The highlight of this tour was certainly the Staraya Ladoga fortress, with two towers restored and restoration underway of two another towers and a wall. The village (2000 dwellers) is considered to be the first capital of Russia, with bustling life and activity even before the rise of Moscow, Novgorod, and the Kievan Rus. Archaeologists dug out a certain piece of processed wood and analysis techniques proved it to date back to 753 (this year will see its 1260th anniversary). The fortress occupies a small area right on the bank of Volkhov River and on its other side flows the Ladozhka River; it has two churches, one wooden, the other of stone dating back to the XII century. Inside one of the towers there is a neat tiny museum with artifacts and other findings showing the life of ancient men. The fortress did not remain intact till present, about a half of it was restored. I was most impressed by the skeleton and a manikin reproduction of an Iron Age family. All the captions to exhibits were in two languages, Russian and English. It was a bit awkward hearing the concurrent voices of two different guides of different groups at the same time, because the place is rather small. After that, the guide showed us the archaeology museum of the Middle Ages whereto we went on Varyazhskaya Street, considered the OLDEST street in Russia. There we saw the standard set of old goodies such as axes, jugs, bijouterie, combs etc.

Next, we went to Staroladozhsky Nikolsky Monastery (friary) founded by Alexander Nevsky after the triumphant victory over the Swedes in the Nevskaya Battle. I did not listen to the guide attentively, but stood just looking at the churches. Everyone got rather tired and hungry by this time, and voted to go the café. It surprisingly had nobody to serve us, so I, and then the other people left it. Just opposite it there was a more expensive restaurant Kniaz Ryurik, where I ordered borsch and draniki (fried potato cutlets). Leaving me no time to get bored, they served the soup very quickly, in under ten minutes, and an added cup of tea totaled just below 10 Euros. Reinforced by the proteins, fats and other matter, we were taken to another monastery (nunnery), Staroladozhsky Uspensky Monastery, with the Uspensky Cathedral of 1154-1195 and beautiful Alpine hills (land beautification with finely arranged flowers and stones), with small forms of animals popping out here and there, to wit, a hedgehog, rabbits, a squirrel, an owl, a puppy, a turtle etc.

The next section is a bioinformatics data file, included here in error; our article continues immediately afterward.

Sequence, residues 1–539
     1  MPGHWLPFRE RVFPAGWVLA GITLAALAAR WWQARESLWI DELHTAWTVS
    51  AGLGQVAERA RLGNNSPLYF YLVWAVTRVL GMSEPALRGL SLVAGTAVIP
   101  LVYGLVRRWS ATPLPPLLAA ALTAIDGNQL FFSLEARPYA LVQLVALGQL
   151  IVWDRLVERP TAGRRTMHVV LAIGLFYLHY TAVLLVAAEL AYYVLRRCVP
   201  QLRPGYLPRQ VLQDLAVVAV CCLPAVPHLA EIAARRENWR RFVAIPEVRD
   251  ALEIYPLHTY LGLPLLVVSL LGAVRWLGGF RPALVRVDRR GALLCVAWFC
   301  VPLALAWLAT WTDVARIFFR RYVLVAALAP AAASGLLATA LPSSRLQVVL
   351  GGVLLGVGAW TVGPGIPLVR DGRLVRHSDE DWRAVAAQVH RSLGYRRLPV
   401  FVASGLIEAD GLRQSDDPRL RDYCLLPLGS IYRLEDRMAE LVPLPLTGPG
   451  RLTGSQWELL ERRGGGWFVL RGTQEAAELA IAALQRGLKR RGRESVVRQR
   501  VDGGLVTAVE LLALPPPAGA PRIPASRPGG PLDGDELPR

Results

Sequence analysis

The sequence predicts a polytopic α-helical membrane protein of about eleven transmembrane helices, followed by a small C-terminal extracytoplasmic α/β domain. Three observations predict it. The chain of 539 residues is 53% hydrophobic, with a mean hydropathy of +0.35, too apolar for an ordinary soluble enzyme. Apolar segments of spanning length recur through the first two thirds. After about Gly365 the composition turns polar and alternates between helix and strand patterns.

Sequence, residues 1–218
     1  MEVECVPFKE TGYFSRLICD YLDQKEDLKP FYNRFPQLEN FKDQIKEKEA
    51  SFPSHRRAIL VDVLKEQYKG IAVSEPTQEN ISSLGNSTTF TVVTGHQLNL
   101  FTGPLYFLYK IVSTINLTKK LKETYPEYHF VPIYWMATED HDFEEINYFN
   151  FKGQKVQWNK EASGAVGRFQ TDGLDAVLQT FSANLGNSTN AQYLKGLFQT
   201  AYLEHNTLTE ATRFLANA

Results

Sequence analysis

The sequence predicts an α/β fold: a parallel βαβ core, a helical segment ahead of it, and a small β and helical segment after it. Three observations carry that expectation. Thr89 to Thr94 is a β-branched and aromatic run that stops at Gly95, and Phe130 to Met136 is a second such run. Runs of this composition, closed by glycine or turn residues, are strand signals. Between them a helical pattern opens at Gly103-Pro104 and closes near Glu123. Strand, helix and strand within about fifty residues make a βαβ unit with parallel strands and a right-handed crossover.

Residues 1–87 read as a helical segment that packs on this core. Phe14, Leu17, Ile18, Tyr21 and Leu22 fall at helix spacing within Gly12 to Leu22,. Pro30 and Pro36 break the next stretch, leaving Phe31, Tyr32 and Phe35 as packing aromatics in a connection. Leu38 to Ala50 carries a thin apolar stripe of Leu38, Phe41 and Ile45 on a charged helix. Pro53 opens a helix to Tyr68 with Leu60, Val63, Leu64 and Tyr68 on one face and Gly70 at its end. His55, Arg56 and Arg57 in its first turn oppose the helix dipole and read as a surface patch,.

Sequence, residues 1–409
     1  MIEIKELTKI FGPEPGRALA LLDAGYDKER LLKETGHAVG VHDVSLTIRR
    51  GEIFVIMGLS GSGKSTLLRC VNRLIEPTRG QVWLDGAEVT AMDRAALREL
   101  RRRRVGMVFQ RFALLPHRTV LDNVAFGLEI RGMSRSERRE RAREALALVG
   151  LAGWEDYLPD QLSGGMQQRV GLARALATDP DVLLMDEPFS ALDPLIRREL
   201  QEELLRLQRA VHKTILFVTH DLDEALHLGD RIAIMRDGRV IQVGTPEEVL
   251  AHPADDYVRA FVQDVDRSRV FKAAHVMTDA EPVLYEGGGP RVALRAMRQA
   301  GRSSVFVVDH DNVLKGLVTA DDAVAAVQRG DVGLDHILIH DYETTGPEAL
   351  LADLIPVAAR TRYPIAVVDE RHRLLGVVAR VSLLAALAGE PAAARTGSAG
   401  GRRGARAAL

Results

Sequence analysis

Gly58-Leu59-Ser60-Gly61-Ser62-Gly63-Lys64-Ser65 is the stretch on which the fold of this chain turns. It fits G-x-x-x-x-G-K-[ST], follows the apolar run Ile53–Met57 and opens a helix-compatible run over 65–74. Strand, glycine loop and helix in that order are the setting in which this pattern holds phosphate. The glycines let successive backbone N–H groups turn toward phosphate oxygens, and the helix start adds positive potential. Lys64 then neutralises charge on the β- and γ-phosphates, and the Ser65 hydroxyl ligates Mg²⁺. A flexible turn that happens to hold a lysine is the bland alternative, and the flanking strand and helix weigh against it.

As we approached our final destination, I felt a particular feeling, which condensed itself in my mind into the phrase “the air is pregnant with quiet”, though I’m unsure that the English language uses such a simile. Really, I realized that the big city of St. Petersburg is too noisy even when you stay in your own accommodation, and just such short “expeditions” are indispensable. The final destination was the Church of Rozdestva Ioanna Predtechi (the Nativity of St John the Baptist), situated on Malysheva Gora (Malyshev’s Hill) overlooking Volkhov River. Its contemporary building was built in 1695. From the hill a fine view on Volkhov River opened, and I felt happy as a puppy experiencing the open air for the first time. In the hill bottom, there’s a spring of “holy water” where the locals take water home in big bottles. I was 100 percent satisfied, and now feel an urge to visit more fortresses, and more old Russian towns, and the planned list of destinations gradually grows.

In four days me and my future wife are starting for an European journey. Eating up almost my whole salary of two and a half months, this trip.